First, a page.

The federal constitution of 1960 otherwise known as the independence constitution included provision for the creation of new region from existing ones. Section 4(3) (a) and (b) provided that a resolution to create a new region must be passed by both Houses of parliament and supported by at least two-third of votes of all the members of each of the two Houses, and thereafter be approved by two Houses of a majority or each Houses of at least two region, including that of the region from which the new region is to be carved out.9
Advantage was taken of this provision when on March 22, 1962, the following resolution was moved by the Prime Minister, AlhajiAbubakarTafawaBalewa and later passed by the House of Representatives and subsequently approved by the senate.10 That this house approves a  proposal for an alternative to section 3 of the constitution of the federation of Nigeria, for the purpose of establishing a fourth region within the federation of Nigeria consisting territorially of Benin province in Western Nigeria  including Akoko Edo District in Afemai Division and Delta province in Western Nigeria including Warri Urban township area.10
The resolution having been passed as laid down under section 4(3) of the independence constitution, other requirements for the creation of a new region were specified in the independence constitution. Parliament enacted the Mid Western Region Act 1962 which in effect amended a section of the independence constitution by redefining the area of the Western Region out of which the new region was to be created.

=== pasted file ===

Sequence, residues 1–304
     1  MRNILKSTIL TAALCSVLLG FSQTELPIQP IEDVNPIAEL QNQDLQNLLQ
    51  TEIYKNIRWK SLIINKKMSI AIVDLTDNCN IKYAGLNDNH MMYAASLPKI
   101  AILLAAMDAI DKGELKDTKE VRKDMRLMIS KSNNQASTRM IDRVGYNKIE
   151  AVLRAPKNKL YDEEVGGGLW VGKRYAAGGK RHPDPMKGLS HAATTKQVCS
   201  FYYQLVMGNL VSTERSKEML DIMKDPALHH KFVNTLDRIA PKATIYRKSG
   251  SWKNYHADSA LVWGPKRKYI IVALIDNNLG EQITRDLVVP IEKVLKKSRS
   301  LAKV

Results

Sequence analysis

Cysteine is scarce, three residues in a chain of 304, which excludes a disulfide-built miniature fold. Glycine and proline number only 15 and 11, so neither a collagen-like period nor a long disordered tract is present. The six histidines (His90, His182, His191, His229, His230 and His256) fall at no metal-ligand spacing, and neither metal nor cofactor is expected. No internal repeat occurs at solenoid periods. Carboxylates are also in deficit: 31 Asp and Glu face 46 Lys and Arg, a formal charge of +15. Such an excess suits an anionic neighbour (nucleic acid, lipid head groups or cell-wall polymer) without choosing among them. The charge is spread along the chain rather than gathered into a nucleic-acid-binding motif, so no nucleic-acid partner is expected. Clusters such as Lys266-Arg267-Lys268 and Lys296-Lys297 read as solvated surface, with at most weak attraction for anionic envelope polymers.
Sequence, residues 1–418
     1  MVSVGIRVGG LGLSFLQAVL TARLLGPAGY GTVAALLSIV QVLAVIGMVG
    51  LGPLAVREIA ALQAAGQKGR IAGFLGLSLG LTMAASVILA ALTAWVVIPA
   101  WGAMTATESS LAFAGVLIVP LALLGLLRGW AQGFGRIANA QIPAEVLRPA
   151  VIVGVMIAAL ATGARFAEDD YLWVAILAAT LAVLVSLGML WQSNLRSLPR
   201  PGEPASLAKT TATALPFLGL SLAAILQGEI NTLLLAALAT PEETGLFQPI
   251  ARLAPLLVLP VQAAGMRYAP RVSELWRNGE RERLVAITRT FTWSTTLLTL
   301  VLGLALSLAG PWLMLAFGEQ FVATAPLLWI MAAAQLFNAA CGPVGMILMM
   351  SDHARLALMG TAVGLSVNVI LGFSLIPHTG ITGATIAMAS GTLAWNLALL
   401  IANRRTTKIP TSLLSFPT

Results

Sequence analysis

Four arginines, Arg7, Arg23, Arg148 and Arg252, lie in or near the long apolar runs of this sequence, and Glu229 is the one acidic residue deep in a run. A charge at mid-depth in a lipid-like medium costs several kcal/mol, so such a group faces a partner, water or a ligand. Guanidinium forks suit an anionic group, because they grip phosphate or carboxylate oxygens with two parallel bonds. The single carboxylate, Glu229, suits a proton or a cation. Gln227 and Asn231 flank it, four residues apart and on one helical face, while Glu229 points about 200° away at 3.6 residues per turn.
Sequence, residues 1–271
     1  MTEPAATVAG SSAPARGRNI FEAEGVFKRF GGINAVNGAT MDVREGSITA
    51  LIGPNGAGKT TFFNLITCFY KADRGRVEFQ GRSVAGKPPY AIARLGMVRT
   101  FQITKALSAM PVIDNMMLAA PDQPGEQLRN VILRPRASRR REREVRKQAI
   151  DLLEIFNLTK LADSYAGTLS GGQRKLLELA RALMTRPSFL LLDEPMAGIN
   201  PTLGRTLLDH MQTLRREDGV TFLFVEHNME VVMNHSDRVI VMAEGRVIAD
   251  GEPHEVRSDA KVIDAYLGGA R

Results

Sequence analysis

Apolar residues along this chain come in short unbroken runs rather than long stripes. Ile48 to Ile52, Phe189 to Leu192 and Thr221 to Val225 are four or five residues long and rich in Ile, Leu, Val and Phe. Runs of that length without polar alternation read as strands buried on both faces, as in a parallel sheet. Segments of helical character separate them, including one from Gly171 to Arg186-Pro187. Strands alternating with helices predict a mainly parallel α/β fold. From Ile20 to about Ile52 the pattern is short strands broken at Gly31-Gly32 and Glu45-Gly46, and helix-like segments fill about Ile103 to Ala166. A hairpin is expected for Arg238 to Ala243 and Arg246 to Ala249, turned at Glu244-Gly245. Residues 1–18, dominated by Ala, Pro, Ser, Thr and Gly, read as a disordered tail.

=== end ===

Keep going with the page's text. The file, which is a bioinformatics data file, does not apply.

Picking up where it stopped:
For the act to come into force, the legislatures of Northern and Eastern Region had to signify their consent as required by section 4(5) of the constitution. The same section also provided for the holding of a referendum before the act could have effect. The referendum was eventually held on July 27, 1963. The result showed that 89% of the qualified voters, i.e 29% more than the statutory minimum voted in favour of the Mid-Western Region Act 1962 which was subsequently brought into force on August 9, 1963.10
The Mid Western Region legally came into existence with effect from that data, thus from the Western region, it became Midwest and subsequently Bendel State.
EDUCATIONAL DEVELOPMENT IN BENDEL STATE 1975-1979
    The development of Education in Bendel State from 1975 began basically with a steady and substantial increase in primary school enrolment. This agenda continued until the introduction of the Universal Primary Education (UPE) in 1976.11
    However, the increase in primary school enrolment in the Mid-Western Region (comprising Edo and Delta), was minimal. J.C.S Musaazi in his book, Planning and Development in Education said